What Do The New Diplomatic Sanctions On Russia Mean? Host Robert Siegel speaks with Ian Bremmer of the Eurasia Group about new U.S. sanctions on Russia for interference in the presidential election.
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What Do The New Diplomatic Sanctions On Russia Mean?

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What Do The New Diplomatic Sanctions On Russia Mean?

What Do The New Diplomatic Sanctions On Russia Mean?

What Do The New Diplomatic Sanctions On Russia Mean?

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  • <iframe src="https://www.npr.org/player/embed/507436641/507436642" width="100%" height="290" frameborder="0" scrolling="no" title="NPR embedded audio player">
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Host Robert Siegel speaks with Ian Bremmer of the Eurasia Group about new U.S. sanctions on Russia for interference in the presidential election.

ROBERT SIEGEL, HOST:

The United States today imposed sanctions against two Russian intelligence agencies, four Russian military intelligence officers and three Russian companies. President Obama signed an executive order citing them all for hacking - or, in the legalese of the order, for tampering with, altering or causing a misappropriation of information with the purpose or effect of interfering with or undermining election processes or institutions.

The president also said that a report on the Russian hacking will go to Congress soon. Speaker of the House Paul Ryan said this action was - and I quote - "overdue but an appropriate way to end eight years of failed policy with Russia." The U.S. also expelled 35 Russian diplomats from the U.S.

Will these sanctions have any effect? Well, joining us now is Ian Bremmer, who's president of the Eurasia Group, a political risk firm. Welcome to the program once again.

IAN BREMMER: Sure. Happy to be back with you.

SIEGEL: Do you suspect anyone in the Kremlin is rattled by this response to the hacking that Russia is accused of?

BREMMER: No, not particularly. I mean they certainly knew when they engaged in the hacking that this was going to be seen as a provocative move by the administration. They feel like the United States and the Obama administration has been disrespecting and coming after them on a host of issues, from missile defense and Ukraine and Syria and you name it, for years now. And also, they would say that the Americans de-legitimize Russia by supporting NGOs and making Putin look bad. So he's prepared to play ball back.

But let's be clear. What this - it's unprecedented the Russians have decided to hack American elections. It's unprecedented as well to see that the president-elect is saying we should get over it and not pay attention after the intelligence agencies in the U.S. have said that this has occurred.

And so what's really interesting is not the measures taken by the U.S. I mean we can get through this. It's how Trump is going to respond, especially in the context of Republicans in Congress that have broken with him pretty decisively on the issue.

SIEGEL: Yeah, well, U.S. intelligence agencies said today actually that the hacking was - and I'm quoting now - "part of a decade-long campaign of cyber-enabled operations directed at the U.S. and its citizens." When you hear that, to what end do you think? What's the Russian point - just to make mischief, to get back at the U.S.? Or is there some policy aim here?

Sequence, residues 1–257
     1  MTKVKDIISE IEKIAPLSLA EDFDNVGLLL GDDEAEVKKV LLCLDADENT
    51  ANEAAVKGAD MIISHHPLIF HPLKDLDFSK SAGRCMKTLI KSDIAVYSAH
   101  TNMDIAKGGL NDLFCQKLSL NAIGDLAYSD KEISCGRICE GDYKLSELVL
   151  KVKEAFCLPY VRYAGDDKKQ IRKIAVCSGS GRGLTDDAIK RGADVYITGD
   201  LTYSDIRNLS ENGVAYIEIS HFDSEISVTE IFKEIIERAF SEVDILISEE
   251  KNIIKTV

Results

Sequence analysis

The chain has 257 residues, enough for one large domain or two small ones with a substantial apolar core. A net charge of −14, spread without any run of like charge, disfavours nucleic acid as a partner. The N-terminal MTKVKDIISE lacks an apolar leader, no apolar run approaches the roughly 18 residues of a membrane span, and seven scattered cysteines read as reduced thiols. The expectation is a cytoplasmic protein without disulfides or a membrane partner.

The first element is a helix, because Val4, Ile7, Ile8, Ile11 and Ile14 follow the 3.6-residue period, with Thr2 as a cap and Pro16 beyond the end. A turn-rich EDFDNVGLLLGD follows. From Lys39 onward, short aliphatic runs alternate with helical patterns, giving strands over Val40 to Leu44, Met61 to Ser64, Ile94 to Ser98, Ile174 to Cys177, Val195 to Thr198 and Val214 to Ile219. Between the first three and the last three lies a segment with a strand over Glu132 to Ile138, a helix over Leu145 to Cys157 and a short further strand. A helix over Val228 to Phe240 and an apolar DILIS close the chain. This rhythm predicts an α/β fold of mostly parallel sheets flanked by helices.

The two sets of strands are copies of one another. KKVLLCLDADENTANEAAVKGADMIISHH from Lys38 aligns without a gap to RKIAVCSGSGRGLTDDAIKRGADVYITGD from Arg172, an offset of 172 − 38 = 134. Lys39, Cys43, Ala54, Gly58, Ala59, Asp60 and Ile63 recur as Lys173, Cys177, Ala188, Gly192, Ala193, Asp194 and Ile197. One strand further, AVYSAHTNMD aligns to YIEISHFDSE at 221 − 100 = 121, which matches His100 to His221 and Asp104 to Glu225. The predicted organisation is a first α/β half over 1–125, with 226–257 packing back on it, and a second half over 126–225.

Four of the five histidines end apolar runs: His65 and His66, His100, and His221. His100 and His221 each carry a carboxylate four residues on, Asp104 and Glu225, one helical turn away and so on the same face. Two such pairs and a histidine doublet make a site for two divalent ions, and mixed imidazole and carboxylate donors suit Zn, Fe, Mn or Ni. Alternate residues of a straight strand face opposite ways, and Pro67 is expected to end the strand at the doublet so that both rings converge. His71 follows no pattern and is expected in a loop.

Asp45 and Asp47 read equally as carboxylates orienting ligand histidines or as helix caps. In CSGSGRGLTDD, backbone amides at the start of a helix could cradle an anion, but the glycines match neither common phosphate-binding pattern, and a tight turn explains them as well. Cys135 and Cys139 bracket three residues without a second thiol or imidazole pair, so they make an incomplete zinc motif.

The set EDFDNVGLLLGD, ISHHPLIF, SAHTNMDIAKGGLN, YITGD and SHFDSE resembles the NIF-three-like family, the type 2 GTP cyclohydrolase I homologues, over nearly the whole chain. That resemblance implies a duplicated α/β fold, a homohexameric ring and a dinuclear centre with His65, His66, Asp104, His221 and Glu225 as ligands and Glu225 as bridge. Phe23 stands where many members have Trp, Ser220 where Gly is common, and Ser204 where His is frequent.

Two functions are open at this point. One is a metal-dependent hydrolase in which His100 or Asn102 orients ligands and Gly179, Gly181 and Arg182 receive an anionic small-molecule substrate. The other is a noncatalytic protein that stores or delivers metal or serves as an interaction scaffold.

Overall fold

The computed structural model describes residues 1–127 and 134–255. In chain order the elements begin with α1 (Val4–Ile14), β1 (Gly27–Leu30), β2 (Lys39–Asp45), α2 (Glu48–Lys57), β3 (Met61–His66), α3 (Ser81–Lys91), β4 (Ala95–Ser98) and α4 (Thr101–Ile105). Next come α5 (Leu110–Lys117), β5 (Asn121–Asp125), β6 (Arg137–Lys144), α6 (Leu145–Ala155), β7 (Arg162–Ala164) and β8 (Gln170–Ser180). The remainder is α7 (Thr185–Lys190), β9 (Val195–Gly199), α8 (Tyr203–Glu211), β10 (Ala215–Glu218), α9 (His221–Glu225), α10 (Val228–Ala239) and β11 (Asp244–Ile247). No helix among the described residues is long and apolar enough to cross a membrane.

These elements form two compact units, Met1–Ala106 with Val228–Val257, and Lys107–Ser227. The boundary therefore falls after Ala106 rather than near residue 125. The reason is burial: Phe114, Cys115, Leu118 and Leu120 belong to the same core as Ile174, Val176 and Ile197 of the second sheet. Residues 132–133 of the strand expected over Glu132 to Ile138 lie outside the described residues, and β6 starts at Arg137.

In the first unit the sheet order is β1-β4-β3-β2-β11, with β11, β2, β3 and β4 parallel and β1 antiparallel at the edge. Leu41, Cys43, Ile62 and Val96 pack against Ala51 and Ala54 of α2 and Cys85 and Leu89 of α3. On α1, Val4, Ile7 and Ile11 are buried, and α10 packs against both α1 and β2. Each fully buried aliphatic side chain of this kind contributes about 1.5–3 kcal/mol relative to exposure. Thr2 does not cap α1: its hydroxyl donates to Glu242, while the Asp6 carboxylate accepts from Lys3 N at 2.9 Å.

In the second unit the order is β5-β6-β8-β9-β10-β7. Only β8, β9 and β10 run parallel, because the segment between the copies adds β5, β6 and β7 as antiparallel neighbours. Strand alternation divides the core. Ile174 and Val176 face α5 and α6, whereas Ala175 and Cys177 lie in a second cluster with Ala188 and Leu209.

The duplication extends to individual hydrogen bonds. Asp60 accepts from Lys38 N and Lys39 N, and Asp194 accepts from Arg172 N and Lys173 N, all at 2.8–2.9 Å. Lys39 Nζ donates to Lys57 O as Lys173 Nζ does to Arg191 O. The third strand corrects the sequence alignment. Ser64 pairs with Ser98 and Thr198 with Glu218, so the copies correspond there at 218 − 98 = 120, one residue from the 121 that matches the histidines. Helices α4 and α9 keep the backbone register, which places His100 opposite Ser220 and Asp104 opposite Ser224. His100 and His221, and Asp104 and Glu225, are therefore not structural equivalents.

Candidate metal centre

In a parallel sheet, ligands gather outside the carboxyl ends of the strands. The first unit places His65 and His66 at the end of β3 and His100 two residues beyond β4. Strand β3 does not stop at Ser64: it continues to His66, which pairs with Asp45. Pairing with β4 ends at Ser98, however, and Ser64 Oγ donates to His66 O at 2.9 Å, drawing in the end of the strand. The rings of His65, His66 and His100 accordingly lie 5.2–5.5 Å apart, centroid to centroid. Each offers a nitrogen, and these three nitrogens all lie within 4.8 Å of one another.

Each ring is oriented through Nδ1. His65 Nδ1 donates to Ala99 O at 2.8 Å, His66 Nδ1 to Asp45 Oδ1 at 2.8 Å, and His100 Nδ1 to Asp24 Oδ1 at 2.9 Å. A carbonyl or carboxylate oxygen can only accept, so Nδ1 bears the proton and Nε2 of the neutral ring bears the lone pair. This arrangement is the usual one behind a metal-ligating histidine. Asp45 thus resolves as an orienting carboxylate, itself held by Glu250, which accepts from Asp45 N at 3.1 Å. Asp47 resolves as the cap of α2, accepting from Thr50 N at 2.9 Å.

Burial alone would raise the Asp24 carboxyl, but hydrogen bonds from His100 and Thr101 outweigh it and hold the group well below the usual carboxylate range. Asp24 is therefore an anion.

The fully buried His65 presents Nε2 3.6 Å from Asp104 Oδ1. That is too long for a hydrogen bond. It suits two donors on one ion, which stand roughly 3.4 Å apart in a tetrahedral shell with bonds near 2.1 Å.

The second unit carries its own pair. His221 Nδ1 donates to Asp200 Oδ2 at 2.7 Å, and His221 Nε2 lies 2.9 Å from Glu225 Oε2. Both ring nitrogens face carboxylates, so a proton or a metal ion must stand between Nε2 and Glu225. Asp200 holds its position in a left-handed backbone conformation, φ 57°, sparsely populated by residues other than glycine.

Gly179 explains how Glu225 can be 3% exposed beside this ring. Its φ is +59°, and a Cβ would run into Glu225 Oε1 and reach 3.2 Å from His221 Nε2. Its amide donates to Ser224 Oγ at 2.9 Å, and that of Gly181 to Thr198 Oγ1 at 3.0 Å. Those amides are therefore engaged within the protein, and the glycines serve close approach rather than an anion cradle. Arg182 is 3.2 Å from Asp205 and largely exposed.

BREMMER: I think the Russian effort was clearly - hacking, collecting intelligence is something that we do to each other, and we've thrown each other's diplomats out on many occasions historically, including after the Soviet Union fell. It's different to make that information public through WikiLeaks. And that's the issue that really suddenly had an impact on how Americans think about the election.

There are a lot of Americans out there that think that the election was illegitimate. The Russians played a role in that. And certainly the United States has decided in a small and very late way to respond. There's no question that - I mean you look at the broad array of Obama's foreign policies. Russia is the one that will go down as the largest failure.

SIEGEL: As you've said, all eyes now turn to President-elect Trump, who's been very dismissive of this entire issue. Can you imagine Trump next month removing sanctions that were imposed just a month before?

BREMMER: Well, it's hard to imagine him maintaining a tough line on Russia. How far he goes and how much he's willing to fight members of his own party - he certainly had no problem doing that in the campaign - we'll see. But this is going to be an extremely interesting issue.

Of course his designee for secretary of state, Rex Tillerson - a very strong opponent of Russian sanctions before and now. Trump has been dismissive even after he won the Electoral College vote. So he had no political reason that he needed to do so.

You have to wonder why. I mean why has there been language from Trump that sounds like what the Russians say about Crimea and southeast Ukraine? Why did he and his people push the Republicans to take support for Ukrainian military out of their platform during the Republican National Convention? These are things that we don't really have the information that answers that question. There's clearly something going on with Trump's Putin relationship that isn't yet understood.

SIEGEL: Ian Bremmer, president of the Eurasia Group, thanks for talking with us.

BREMMER: My pleasure.

SIEGEL: And late today, Donald Trump issued a statement about the sanctions. He said it's time for the country to move on, and he will meet with leaders of the intelligence community next week to get updated on the facts of the situation.

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